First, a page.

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Joe v. Runyan

July 14, 2010

JOE AND TAMMY K. GERINGER, HUSBAND AND WIFE, APPELLANTS (PETITIONERS),
v.
MARK D. RUNYAN AND SHARON K. RUNYAN, HUSBAND AND WIFE, AND ROBERT WILLSON AND JANA WILLSON, HUSBAND AND WIFE, APPELLEES (RESPONDENTS).



Appeal from the District Court of Platte County The Honorable John C. Brooks, Judge.

The opinion of the court was delivered by: Golden, Justice.

Before KITE, C. J., and GOLDEN, HILL, VOIGT,*fn1 and BURKE, JJ.

[¶1] Joe and Tammy Geringer filed petitions with the Wyoming State Board of Control (Board) for the involuntary abandonment of water rights Mark and Sharon Runyan and Robert and Jana Willson (herein referred to collectively as Appellees) hold on lands that were formerly in common ownership with lands on which the Geringers hold water rights. Following a hearing, the Board denied the Geringers' petitions, finding the Geringers lacked standing to pursue the petitions for abandonment. The Geringers appealed to the district court, which affirmed the Board's ruling. We also affirm.

ISSUE

[¶2] The Geringers present the following issue for review by this Court:

Did the Board of Control err when it held that the Geringers lack standing under the third element of the Wyo. Stat. § 41-3-401 requirements for standing by its determination that the Geringers were seeking to enlarge their water right rather than using the Runyans' and Willsons' undiverted water to fulfill the Geringer right?

FACTS

[¶3] The following pertinent facts are undisputed. All parties to this appeal acquired real property through a common grantor. The Geringers own the largest amount of acreage and engage in farming activities. The Geringers' irrigation water for their crops comes from a surface supply and several underground wells providing additional supply water.*fn2 It is two of the wells providing additional supply water that are at issue. One well is commonly referred to as the Leonard No. 1 Well. The Leonard No. 1 Well is adjudicated to provide additional supply water to lands owned by the Geringers and also lands owned by the Runyans. The second well is commonly referred to as the Chambers No. 2 Well. The Chambers No. 2 Well is adjudicated to provide additional supply water to lands owned by the Geringers and also land owned by the Willsons.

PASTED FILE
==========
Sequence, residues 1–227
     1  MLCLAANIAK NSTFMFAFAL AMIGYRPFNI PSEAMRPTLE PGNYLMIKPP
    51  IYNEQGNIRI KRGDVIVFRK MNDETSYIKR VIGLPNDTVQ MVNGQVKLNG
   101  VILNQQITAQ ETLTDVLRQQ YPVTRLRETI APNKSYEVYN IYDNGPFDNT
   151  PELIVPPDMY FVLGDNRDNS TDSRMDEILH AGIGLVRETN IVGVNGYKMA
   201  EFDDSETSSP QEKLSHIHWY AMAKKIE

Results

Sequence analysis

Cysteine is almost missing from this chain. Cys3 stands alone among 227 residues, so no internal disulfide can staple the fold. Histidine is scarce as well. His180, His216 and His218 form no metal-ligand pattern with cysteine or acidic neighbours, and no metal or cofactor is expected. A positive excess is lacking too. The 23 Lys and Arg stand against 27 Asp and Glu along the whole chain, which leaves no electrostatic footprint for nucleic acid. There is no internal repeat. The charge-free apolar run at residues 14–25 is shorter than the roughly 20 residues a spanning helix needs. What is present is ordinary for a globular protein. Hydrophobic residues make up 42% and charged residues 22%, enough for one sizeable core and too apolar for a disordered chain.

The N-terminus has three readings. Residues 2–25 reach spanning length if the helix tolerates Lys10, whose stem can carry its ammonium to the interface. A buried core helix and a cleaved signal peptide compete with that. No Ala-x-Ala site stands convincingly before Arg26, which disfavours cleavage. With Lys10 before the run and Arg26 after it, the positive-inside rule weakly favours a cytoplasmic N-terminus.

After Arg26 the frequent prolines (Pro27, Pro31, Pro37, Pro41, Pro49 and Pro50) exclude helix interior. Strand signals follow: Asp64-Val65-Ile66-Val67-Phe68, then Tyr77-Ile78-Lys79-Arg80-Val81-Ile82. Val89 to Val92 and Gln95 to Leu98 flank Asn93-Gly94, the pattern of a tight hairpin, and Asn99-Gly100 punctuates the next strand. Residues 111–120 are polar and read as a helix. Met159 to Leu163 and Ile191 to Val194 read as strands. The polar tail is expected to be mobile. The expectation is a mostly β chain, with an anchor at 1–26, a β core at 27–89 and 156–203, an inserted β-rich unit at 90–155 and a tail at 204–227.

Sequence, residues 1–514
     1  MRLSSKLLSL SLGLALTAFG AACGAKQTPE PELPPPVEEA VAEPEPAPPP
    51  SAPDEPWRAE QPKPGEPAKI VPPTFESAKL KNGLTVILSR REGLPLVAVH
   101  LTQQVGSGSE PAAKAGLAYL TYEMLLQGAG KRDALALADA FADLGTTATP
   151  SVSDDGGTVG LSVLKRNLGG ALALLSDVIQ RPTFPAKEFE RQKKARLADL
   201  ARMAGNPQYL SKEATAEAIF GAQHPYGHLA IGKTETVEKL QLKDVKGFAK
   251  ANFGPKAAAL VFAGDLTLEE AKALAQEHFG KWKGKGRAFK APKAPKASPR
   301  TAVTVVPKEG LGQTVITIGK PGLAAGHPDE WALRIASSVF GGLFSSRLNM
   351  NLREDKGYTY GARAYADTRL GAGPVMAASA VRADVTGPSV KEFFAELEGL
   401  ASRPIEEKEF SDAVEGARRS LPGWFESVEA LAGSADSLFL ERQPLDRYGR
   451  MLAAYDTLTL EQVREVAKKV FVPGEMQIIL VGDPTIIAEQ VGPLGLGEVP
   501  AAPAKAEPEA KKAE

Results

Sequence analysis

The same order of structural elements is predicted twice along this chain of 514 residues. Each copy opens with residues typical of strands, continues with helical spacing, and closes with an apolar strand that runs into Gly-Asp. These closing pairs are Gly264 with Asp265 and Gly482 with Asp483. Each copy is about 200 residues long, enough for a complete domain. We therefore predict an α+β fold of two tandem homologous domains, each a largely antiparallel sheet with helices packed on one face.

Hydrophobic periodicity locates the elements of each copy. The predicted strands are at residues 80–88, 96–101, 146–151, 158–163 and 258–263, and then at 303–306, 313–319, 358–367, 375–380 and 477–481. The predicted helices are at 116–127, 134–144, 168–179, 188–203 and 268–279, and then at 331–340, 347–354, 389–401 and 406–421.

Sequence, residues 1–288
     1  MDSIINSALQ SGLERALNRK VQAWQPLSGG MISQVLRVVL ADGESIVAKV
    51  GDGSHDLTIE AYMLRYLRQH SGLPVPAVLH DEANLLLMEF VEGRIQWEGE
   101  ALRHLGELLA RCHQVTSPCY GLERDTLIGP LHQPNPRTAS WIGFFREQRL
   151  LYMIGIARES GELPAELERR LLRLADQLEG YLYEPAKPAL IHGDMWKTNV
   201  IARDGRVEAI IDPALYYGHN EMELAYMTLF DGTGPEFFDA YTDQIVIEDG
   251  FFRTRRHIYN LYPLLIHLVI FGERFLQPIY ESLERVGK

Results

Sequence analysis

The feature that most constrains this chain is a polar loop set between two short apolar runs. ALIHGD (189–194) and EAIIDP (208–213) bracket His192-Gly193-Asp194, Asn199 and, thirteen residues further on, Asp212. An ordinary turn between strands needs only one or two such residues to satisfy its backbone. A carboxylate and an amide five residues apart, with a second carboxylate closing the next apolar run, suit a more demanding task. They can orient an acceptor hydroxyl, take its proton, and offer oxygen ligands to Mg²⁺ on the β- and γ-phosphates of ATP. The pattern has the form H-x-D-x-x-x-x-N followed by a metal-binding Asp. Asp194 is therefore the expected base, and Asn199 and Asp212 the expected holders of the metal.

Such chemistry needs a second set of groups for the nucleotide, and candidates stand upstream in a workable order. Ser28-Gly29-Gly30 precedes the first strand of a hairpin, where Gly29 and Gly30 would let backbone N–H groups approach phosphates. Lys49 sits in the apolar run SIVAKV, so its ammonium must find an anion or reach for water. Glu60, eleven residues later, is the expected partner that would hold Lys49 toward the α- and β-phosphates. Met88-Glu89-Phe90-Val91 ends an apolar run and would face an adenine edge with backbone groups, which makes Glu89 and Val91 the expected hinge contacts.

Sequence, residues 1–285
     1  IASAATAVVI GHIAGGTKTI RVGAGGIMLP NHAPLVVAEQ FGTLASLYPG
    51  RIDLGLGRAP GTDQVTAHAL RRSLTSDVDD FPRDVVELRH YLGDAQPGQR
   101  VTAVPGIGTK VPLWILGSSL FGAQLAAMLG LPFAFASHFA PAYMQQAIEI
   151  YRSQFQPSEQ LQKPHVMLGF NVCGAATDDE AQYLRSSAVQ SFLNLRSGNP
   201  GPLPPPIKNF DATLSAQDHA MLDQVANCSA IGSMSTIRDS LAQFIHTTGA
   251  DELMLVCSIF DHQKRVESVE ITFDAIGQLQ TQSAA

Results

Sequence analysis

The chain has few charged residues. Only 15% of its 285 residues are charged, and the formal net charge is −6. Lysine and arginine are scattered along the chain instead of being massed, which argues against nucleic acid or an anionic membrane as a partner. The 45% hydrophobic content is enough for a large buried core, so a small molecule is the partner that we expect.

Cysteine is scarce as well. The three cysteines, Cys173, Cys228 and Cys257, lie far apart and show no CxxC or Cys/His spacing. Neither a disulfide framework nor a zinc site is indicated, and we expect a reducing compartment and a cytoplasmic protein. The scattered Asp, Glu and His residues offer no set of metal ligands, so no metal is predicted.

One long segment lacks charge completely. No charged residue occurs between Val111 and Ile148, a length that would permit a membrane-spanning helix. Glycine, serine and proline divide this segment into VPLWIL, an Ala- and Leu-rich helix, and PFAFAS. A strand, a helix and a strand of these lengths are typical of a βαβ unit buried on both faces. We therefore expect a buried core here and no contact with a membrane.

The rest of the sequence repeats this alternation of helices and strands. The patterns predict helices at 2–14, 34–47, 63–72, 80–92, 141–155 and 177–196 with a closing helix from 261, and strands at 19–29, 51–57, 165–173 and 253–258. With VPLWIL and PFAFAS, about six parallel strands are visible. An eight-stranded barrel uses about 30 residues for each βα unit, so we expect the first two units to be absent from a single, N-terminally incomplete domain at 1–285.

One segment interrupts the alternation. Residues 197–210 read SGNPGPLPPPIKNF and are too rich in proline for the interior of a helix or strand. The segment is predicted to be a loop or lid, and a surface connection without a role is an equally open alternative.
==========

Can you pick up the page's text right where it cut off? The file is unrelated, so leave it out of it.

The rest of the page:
[¶4] In irrigating their crops, the Geringers employ a pivot irrigation system comprised of two pivots. In order to run both pivots at the same time, the Geringers require the full water flow produced by both the Leonard No. 1 Well and the Chambers No. 2 Well. The ability of the Geringers to operate both pivots simultaneously thus depends on the nonuse of well water by the Appellees concurrently with the Geringers' irrigation.

[¶5] In order to protect their unfettered ability to simultaneously operate both pivots, the Geringers filed petitions with the Board seeking declarations of abandonment of the respective additional supply water rights of Appellees.*fn3 The Geringers did not allege or present any evidence suggesting the water supply in the underlying aquifer is limited. Rather, they proceeded under the theory that the amount of water available to them under their additional supply water right is determined by the adjudicated flow rate of the respective wells. They concluded the water available to them under their right, therefore, is limited by the use of Appellees of water from the same wells. Thus, the Geringers argued they would benefit from a declaration of abandonment of the respective additional supply water rights of Appellees because they will then have unfettered use of their pivot irrigation system. Conversely, the Geringers argued they would be injured if the respective water rights of Appellees are not declared abandoned because they will not be able to run their pivot irrigation system at the same time Appellees withdraw water from the respective wells.

[¶6] After a hearing, the Board denied the Geringers' petitions. The Board determined that the Geringers lacked standing to bring the petitions because they could not show they had an adequate personal stake in a declaration of abandonment. The Board rejected the Geringers' argument that their water supply was limited by the flow rate of the respective wells. Rather, the Board concluded the water supply was determined by the amount of water available in the aquifer. The Board held that the Geringers "failed to show that the source of supply available for the wells at issue is limited." Because there was no evidence suggesting that the water available in the aquifer was limited, the use by Appellees of their additional supply water rights did not impact the Geringers' use of their additional supply water rights in a legally cognizable manner. Consequently, the Board found the Geringers lacked standing.

[¶7] The Geringers appealed the Board's order to the district court, which upheld the order. The Geringers then brought this appeal.

STANDARD OF REVIEW

[¶8] This Court reviews administrative actions pursuant to the Wyoming Administrative Procedures Act. See Wyo. Stat. Ann. § 16-3-114 (LexisNexis 2009). In this appeal, we find the dispositive issue to be an issue of law. We do not defer to the Board's determination on issues of law, but rather review such issues de novo. Three Sons, LLC v. Wyoming Occupational Health & Safety Comm'n, 2007 WY 93, ¶ 11, 160 P.3d ...


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